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Molecular Neurobiology

, Volume 53, Issue 2, pp 905–931 | Cite as

The Ubiquitin-Proteasome System and Molecular Chaperone Deregulation in Alzheimer’s Disease

  • Yanuar Alan Sulistio
  • Klaus HeeseEmail author
Article

Abstract

One of the shared hallmarks of neurodegenerative diseases is the accumulation of misfolded proteins. Therefore, it is suspected that normal proteostasis is crucial for neuronal survival in the brain and that the malfunction of this mechanism may be the underlying cause of neurodegenerative diseases. The accumulation of amyloid plaques (APs) composed of amyloid-beta peptide (Aβ) aggregates and neurofibrillary tangles (NFTs) composed of misfolded Tau proteins are the defining pathological markers of Alzheimer’s disease (AD). The accumulation of these proteins indicates a faulty protein quality control in the AD brain. An impaired ubiquitin-proteasome system (UPS) could lead to negative consequences for protein regulation, including loss of function. Another pivotal mechanism for the prevention of misfolded protein accumulation is the utilization of molecular chaperones. Molecular chaperones, such as heat shock proteins (HSPs) and FK506-binding proteins (FKBPs), are highly involved in protein regulation to ensure proper folding and normal function. In this review, we elaborate on the molecular basis of AD pathophysiology using recent data, with a particular focus on the role of the UPS and molecular chaperones as the defensive mechanism against misfolded proteins that have prion-like properties. In addition, we propose a rational therapy approach based on this mechanism.

Keywords

Alzheimer’s disease Ubiquitin-proteasome system Amyloid-beta Tau protein FKBP Prion-like transmission 

Abbreviations

aa

Amino acid

AD

Alzheimer’s disease

ADAM

A disintegrin and metalloproteinase

AFT

AICD-FE65-TIP60

AICD

APP intracellular c-terminal domain

ALS

Amyotrophic lateral sclerosis

AMPK

AMP-activated kinase

AP

Amyloid plaque

APH1

Anterior pharynx-defective 1

APOE4

Apolipoprotein E4

APP

Amyloid precursor protein

Amyloid-beta peptide

BACE1

Beta-site APP cleaving enzyme 1

CaMK

Calcium/calmodulin-dependent protein kinase II

CDK5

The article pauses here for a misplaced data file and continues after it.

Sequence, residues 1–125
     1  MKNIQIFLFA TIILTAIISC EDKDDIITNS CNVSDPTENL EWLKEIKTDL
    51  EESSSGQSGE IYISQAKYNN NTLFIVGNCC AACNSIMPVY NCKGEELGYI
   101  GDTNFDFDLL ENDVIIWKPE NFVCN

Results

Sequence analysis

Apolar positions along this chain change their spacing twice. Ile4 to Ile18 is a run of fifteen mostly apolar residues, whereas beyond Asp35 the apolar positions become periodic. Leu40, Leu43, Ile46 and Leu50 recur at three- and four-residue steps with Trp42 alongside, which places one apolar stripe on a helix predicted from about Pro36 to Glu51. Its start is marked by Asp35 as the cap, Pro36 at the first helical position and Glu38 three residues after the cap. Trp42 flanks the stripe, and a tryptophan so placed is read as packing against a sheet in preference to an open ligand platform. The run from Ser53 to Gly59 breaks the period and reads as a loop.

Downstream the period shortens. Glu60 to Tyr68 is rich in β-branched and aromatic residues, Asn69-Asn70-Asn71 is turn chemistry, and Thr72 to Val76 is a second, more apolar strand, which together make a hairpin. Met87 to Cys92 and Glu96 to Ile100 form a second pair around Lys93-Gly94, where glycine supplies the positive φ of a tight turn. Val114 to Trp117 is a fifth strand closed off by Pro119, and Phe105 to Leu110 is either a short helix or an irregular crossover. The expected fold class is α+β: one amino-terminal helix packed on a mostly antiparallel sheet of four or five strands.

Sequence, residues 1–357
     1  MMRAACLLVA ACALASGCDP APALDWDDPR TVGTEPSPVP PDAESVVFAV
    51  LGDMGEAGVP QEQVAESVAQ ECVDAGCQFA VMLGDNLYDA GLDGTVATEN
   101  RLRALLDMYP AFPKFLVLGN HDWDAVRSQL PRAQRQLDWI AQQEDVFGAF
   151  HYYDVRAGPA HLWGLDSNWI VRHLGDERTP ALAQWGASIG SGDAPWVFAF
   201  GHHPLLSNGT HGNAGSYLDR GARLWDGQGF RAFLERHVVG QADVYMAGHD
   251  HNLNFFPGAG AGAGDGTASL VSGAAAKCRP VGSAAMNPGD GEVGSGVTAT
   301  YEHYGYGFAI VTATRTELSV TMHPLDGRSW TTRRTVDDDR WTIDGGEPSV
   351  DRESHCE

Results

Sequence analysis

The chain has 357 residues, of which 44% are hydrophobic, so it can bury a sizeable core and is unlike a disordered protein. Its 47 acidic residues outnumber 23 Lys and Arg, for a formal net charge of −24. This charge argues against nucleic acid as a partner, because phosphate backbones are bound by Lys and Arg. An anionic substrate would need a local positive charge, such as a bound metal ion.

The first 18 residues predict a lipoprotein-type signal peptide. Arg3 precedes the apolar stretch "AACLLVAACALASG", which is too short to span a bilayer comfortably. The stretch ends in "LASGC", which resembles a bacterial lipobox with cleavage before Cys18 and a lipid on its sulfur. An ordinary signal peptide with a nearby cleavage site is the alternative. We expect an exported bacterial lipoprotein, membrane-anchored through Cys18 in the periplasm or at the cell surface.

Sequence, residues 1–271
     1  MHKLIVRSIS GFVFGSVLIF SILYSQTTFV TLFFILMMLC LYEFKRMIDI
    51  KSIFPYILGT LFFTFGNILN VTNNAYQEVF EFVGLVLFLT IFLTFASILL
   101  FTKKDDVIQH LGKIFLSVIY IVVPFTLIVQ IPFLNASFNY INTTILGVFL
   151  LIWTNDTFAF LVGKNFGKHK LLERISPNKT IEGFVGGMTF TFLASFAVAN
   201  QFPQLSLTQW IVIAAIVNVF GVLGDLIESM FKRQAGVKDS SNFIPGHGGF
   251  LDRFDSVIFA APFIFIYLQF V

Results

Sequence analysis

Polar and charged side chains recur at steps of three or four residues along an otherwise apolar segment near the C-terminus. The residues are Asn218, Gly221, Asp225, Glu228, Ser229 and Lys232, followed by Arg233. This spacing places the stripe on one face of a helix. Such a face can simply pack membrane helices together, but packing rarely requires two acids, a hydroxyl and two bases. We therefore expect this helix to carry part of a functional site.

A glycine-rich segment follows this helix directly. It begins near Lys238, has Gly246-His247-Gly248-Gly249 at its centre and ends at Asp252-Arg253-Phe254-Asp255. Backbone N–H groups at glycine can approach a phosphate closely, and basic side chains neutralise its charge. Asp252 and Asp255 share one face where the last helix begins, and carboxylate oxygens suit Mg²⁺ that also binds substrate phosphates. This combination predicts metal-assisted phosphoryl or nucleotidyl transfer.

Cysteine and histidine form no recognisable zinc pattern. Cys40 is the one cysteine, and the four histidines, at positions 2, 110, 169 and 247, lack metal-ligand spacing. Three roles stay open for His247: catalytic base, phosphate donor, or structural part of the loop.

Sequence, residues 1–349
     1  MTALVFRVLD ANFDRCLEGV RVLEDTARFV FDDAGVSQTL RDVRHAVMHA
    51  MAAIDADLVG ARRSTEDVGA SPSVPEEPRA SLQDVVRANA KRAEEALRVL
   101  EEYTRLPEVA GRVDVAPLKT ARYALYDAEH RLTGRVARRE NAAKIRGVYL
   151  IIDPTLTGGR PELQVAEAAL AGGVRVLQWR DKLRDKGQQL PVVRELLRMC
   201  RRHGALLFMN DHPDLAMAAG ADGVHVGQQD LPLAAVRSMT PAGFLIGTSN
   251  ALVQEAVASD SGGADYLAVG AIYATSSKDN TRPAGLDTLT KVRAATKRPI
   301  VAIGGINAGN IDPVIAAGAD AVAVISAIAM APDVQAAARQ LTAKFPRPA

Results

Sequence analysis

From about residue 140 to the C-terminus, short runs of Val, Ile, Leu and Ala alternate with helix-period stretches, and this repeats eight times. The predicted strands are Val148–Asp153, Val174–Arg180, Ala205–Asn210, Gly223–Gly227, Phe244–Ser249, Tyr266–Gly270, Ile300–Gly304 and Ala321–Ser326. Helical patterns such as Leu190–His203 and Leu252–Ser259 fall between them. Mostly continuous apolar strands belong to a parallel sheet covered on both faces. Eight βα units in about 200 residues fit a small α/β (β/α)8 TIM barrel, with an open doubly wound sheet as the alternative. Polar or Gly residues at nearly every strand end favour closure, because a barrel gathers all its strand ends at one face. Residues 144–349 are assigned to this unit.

Cyclin-dependent kinase 5

CHIP

Carboxyl terminus of HSP70-interacting protein

chr

Chromosome

CJD

Creutzfeldt-Jakob disease

CKII

Casein kinase II

CNS

Central nervous system

CSF

Cerebrospinal fluid

CUBD

Cu(II)-binding domain

DLB

Dementia with Lewy bodies

Dyrk1A

Dual-specificity tyrosine-regulated kinase 1A

EGFR

Epidermal growth factor receptor

EOAD

Early-onset AD

ER

Endoplasmic reticulum

FKBD

FK506-binding domain

FKBP

FK506-binding protein

FTDP-17

Frontotemporal dementia related to chr 17

HBD

Heparin-binding domain

HD

Huntington’s disease

HSP

Heat shock protein

IDP

Intrinsically disordered protein

KPI

Kunitz-type serine protease inhibitor

LOAD

Late-onset AD

LRP1

Lipoprotein receptor-related protein 1

LTP

Long-term potentiation

MAP

Microtubule-associated protein

MAPK

Mitogen-activated protein kinase

MAPT

Microtubule-associated protein Tau

MARK

MAP/microtubule-affinity-regulating kinases

MRI

Magnetic resonance imaging

NFT

Neurofibrillary tangle

NICD

Notch intracellular domain

NPC

Neural precursor cell

PD

Parkinson’s disease

PEN2

Presenilin enhancer 2

PHF

Paired helical filament

PIN1

Peptidyl-prolyl cis/trans isomerase NIMA-interacting 1

PKA

Protein kinase A

PKC

Protein kinase C

PrP

Prion protein

PS1/2

Presenilin-1/Presenilin-2

RIP

Regulated intramembrane proteolysis

RTN

Reticulon family protein

SOD1

Superoxide dismutase 1

SVZ

Subventricular zone

TACE

Tumor necrosis factor-α converting enzyme

TAG1

Transient axonal glycoprotein

TAI

Tau aggregation inhibitor

TDP-43

TAR DNA-binding protein-43

TGN

Trans-Golgi network

TRIM

Tripartite motif

UBB

Ubiquitin B

UBC

Ubiquitin C

UPS

Ubiquitin-proteasome system

Notes

Acknowledgments

This work was supported by the research fund of Hanyang University.

Conflict of Interest

The authors declare that they have no conflict of interest.

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Copyright information

© Springer Science+Business Media New York 2014

Authors and Affiliations

  1. 1.Graduate School of Biomedical Science and EngineeringHanyang UniversitySeongdong-guRepublic of Korea

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